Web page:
NASA's Mars rover Perseverance launches this week

NASA's Mars 2020 Perseverance rover waits to be lifted onto its Atlas V launch vehicle at the Cape Canaveral Air Force Station in Florida on July 7, 2020.
NASA's Mars 2020 Perseverance rover waits to be lifted onto its Atlas V launch vehicle at the Cape Canaveral Air Force Station in Florida on July 7, 2020. (Image credit: NASA/KSC)

NASA's next Mars rover will take flight this week, if all goes according to plan.

The car-sized Perseverance rover, the centerpiece of NASA's $2.7 billion Mars 2020 mission, is scheduled to launch Thursday (July 30) during a two-hour window that opens at 7:50 a.m. EDT (1150 GMT). The spacecraft will lift off atop a United Launch Alliance Atlas V rocket from Cape Canaveral Air Force Station in Florida.

You can watch the spaceflight action live here at, courtesy of NASA. The space agency will also host a series of daily press conferences and briefings leading up to the launch. You can see that schedule here.

Related: How to watch NASA's Mars 2020 Perseverance rover launch online

Mission team members have some wiggle room if technical issues or bad weather scuttle the Thursday attempt. Mars 2020 can still make its way to the Red Planet as long as it launches by Aug. 15, NASA officials have said. After that, the mission would have to wait 26 months, until Mars and Earth are properly aligned again for interplanetary journeys.

Whenever it lifts off, Perseverance will touch down inside Mars' Jezero Crater on Feb. 18, 2021. The 28-mile-wide (45 kilometers) Jezero hosted a lake and a river delta in the ancient past, and Perseverance will characterize the area in detail and search for possible signs of ancient Mars life. The six-wheeled robot will also collect and cache several dozen samples that will be returned to Earth, possibly as early as 2031, by a joint NASA-European Space Agency campaign.

Mars 2020 will also test out several new exploration technologies. For example, one of Perseverance's 10 instruments, called MOXIE (short for "Mars Oxygen ISRU Experiment"), will generate oxygen from the thin, carbon dioxide-dominated Martian atmosphere. Such gear, if scaled up, could aid future human exploration of the Red Planet, NASA officials have said.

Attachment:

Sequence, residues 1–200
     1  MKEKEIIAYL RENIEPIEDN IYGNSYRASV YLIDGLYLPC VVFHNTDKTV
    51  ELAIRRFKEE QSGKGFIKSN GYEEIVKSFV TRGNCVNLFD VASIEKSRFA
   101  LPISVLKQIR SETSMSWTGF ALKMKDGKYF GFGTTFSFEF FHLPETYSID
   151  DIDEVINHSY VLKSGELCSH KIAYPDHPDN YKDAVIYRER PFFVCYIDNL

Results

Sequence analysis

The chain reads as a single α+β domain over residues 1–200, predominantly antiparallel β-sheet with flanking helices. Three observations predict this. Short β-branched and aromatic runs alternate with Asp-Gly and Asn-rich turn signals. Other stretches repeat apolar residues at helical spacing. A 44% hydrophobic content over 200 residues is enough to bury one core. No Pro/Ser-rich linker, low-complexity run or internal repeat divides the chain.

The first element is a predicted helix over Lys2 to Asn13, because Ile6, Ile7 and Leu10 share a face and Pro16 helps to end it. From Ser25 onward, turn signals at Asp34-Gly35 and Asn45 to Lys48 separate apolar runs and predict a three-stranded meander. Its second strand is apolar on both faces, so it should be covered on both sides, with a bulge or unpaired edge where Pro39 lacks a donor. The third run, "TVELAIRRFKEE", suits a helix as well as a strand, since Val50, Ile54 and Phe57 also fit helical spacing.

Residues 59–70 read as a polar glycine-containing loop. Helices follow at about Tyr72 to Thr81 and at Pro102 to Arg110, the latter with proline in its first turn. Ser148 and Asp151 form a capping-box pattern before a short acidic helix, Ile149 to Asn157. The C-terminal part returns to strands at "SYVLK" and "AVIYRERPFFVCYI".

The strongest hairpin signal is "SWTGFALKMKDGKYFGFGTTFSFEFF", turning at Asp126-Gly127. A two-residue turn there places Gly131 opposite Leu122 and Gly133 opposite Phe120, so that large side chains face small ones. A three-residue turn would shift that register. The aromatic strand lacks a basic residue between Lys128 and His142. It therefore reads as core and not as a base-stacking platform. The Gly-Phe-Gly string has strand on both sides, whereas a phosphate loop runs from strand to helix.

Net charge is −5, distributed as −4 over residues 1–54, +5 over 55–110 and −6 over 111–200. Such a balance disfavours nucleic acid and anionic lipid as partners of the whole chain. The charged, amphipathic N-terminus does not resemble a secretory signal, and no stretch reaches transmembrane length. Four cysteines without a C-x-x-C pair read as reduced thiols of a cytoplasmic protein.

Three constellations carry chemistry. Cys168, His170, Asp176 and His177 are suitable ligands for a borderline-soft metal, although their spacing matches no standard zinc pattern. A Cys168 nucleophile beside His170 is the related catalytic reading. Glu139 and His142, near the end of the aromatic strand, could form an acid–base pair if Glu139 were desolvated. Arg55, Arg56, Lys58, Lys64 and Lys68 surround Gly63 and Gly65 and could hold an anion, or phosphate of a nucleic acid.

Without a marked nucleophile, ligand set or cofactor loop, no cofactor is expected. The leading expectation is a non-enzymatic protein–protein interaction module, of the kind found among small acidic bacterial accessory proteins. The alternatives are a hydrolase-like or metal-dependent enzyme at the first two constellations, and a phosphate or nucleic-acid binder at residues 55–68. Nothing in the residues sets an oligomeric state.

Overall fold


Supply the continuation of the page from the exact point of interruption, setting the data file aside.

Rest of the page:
Related: NASA's Mars 2020 Perseverance rover mission in photos

Mars 2020 also features a 4-lb. (1.8 kilograms) helicopter named Ingenuity, which will travel to the Red Planet on Perseverance's belly. Once the rover reaches a suitable spot on the Martian surface, Ingenuity will deploy and spin its blades, attempting to become the first rotorcraft ever to fly on a world beyond Earth.

Mars 2020 will be the third and final mission to launch toward the Red Planet during this year's window. The United Arab Emirates' Hope orbiter and China's ambitious Tianwen-1 mission launched on July 19 and July 23, respectively.

A fourth spacecraft, the European-Russian ExoMars rover Rosalind Franklin, was supposed to join the launch party this summer. But that mission suffered technical issues that could not be fixed in time and now must wait until 2022.

Mike Wall is the author of "Out There" (Grand Central Publishing, 2018; illustrated by Karl Tate), a book about the search for alien life. Follow him on Twitter @michaeldwall. Follow us on Twitter @Spacedotcom or Facebook. 

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Mike Wall
Senior Space Writer

Michael Wall is a Senior Space Writer with and joined the team in 2010. He primarily covers exoplanets, spaceflight and military space, but has been known to dabble in the space art beat. His book about the search for alien life, "Out There," was published on Nov. 13, 2018. Before becoming a science writer, Michael worked as a herpetologist and wildlife biologist. He has a Ph.D. in evolutionary biology from the University of Sydney, Australia, a bachelor's degree from the University of Arizona, and a graduate certificate in science writing from the University of California, Santa Cruz. To find out what his latest project is, you can follow Michael on Twitter.